Indian Ocean basin-wide (IOBW) Index

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According to the study, the Indian Ocean basin-wide (IOBW) index exhibits a close association with dengue outbreaks in both the Northern and Southern hemispheres.

About Indian Ocean basin-wide (IOBW) Index:

  • It represents the average sea-surface temperature variations across the tropical Indian Ocean.
  • It has emerged as a key indicator for predicting the magnitude and timing of dengue epidemics in each country. 
  • IOBW index’s association with the Southern Hemisphere is stronger than that with the Northern Hemisphere. 
  • The index has a more pronounced impact on temperatures in tropical regions. Brazil, for example, bears a higher burden of dengue in the Southern Hemisphere. 
    • The Northern Hemisphere witnesses a peak dengue epidemic period between July and October and the Southern Hemisphere in February and April, both in the summers.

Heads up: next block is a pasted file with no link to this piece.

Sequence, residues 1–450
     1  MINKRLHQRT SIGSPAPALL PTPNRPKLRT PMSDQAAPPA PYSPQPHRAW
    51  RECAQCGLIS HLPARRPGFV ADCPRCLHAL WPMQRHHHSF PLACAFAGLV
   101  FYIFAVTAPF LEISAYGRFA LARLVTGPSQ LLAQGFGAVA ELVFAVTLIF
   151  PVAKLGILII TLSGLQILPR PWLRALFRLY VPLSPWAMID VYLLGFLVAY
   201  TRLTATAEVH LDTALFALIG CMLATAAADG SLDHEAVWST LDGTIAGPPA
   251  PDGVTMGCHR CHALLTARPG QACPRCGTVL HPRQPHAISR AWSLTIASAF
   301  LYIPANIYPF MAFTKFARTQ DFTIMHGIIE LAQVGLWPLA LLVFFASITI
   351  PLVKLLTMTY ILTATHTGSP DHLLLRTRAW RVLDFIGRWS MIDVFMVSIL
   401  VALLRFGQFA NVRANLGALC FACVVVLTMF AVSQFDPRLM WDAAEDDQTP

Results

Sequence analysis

• Further, the amplitude of dengue incidence was high when the index was positive and low when it was negative.
  • The link between the Indian Ocean’s temperature and dengue incidence is likely due to its influence on regional temperatures through teleconnections, large-scale atmospheric patterns that can transfer heat and moisture across vast distances.

Key facts about Dengue

  • It is caused by the dengue virus (DENV)
  • Transmission: It is transmitted to humans through the bites of infected female mosquitoes, primarily the Aedes aegypti mosquito.
  • The severe form of dengue fever, also called dengue hemorrhagic fever, can cause serious bleeding, a sudden drop in blood pressure (shock) and death.
  • It is more common in tropical and subtropical climates.
  • Symptoms: The most common symptoms are high fever, headache, body aches, nausea and rash.

Q1: What is the Indian Ocean Dipole? 

Indian Ocean Dipole is sometimes referred to as the Indian Nino, is a similar phenomenon, playing out in the relatively smaller area of the Indian Ocean between the Indonesian and Malaysian coastline in the east and the African coastline near Somalia in the west.

Source: Can changes in Indian Ocean temperatures help predict dengue outbreaks? New paper finds links